Definitions

Cheshire Cat

Cheshire Cat

The Cheshire Cat is a fictional cat appearing in Lewis Carroll's Alice's Adventures in Wonderland. Alice first encounters it at the Duchess's house in her kitchen, and then later outside on the branches of a tree, where it appears and disappears at will, engaging Alice in amusing but sometimes vexing conversation. The cat sometimes raises philosophical points that annoy or baffle Alice. It does, however, appear to cheer her up when it turns up suddenly at the Queen of Hearts' croquet field, and when sentenced to death baffles everyone by making its body disappear, but its head remain visible, sparking a massive argument between the executioner and the King and Queen of Hearts about whether something that does not have a body can indeed be beheaded.

At one point, the cat disappears gradually until nothing is left but its grin, prompting Alice to remark that she has often seen a cat without a grin but never a grin without a cat. This has become a point of notability for the cat: most people remember it most strongly performing its vanishing act.

Cheshire is not an actual breed of cat: the English county of Cheshire is famous for its cheesemaking, salt, and silk, as well as being a major railway junction, but no mention is made of any unique breeding. However, it has been speculated that the Cheshire cat was intended to be a British Shorthair, as that is the cat breed that Carroll saw on the label of Cheshire Cheese.

Inspiration

Cheese moulds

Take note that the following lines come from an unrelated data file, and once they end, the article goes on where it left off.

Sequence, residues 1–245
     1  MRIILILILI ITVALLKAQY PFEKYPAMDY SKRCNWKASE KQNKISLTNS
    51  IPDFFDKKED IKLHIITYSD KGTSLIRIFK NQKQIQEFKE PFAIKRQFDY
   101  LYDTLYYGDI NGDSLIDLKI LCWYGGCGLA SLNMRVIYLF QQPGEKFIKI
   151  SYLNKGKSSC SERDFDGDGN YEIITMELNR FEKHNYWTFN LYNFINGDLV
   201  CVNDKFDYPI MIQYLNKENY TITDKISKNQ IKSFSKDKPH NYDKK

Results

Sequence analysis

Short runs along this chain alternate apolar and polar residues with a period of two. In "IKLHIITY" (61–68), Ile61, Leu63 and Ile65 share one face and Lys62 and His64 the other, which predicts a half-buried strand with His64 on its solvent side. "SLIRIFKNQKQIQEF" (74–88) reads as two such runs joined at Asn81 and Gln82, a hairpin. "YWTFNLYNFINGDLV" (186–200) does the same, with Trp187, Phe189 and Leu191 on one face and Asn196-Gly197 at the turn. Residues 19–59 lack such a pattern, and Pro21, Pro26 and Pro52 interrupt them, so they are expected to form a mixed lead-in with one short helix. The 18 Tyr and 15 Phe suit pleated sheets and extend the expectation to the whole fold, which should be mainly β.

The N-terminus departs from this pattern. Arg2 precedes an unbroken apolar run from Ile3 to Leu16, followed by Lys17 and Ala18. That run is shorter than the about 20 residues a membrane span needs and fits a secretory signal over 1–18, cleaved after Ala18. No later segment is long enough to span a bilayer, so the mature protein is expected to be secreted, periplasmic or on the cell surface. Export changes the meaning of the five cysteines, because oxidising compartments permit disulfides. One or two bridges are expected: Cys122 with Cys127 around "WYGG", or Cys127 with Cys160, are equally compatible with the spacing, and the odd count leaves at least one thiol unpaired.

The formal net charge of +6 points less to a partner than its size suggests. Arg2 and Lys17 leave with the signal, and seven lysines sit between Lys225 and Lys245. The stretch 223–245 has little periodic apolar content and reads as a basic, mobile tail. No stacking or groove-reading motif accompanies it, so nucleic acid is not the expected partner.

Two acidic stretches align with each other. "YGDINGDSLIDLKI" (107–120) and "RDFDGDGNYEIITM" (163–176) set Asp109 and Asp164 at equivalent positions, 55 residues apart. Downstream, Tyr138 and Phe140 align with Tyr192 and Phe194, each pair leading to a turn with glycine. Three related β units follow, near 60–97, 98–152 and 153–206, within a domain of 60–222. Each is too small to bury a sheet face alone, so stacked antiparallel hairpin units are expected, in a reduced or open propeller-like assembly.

Brewer's Dictionary of Phrase and Fable says grinning like a Cheshire cat is "an old simile, popularized by Lewis Carroll". Brewer adds, "The phrase has never been satisfactorily accounted for, but it has been said that cheese was formerly sold in Cheshire moulded like a cat that looked as though it was grinning". The cheese was cut from the tail end, so that the last part eaten was the head of the smiling cat.

Dockyard cats

Another origin for the story concerns the cats that lived in the port of Chester. Until the late 1970s, a monument to the Cheshire Cat stood beside the River Dee, where there had formerly been a cheese warehouse. It was said that cats sitting on the dock would wait for the rats and mice to leave the ships transporting Cheshire cheese to London and were the happiest cats in the kingdom – hence their grins. The monument was destroyed when Copfield House, which stood on the site of the warehouse, was demolished in 1979.

Cats from a dairy county

A yet simpler explanation and one widely believed in the area itself is that, Cheshire being famed as a dairy county, its cats enjoyed copious amounts of milk and cream and in consequence displayed a contented grin.

Church carvings

There are reports that Carroll found inspiration for the Cheshire Cat in a carving in a church in the village of Croft-on-Tees, in the north east of England, where his father had been rector. Another view is that the cat is based on a gargoyle found on a pillar in St Nicolas Church, Cranleigh, where Carroll used to travel frequently when he lived in Guildford. The cat is named after Carroll's home county, Cheshire. Others attribute it to a carving on the west face of the tower at St Wilfrid's Church, Grappenhall, Warrington, Cheshire.

Cheshire Cat in popular culture

The Cheshire Cat is one of many iconic characters from Alice's Adventures in Wonderland that have become enmeshed in popular culture. Depictions of the Cheshire Cat have appeared in many media, from political cartoons to television. The Cheshire Cat's grin is reminiscent of the vagaries of human character or of a trickster nature.

Prior to the release of the Walt Disney animated production Alice in Wonderland, scholars observed few specific allusions to this character. Martin Gardner, author of the The Annotated Alice, wondered if T. S. Eliot had the Cheshire Cat in mind when writing Morning at the Window but notes no other significant allusions in the pre-war period.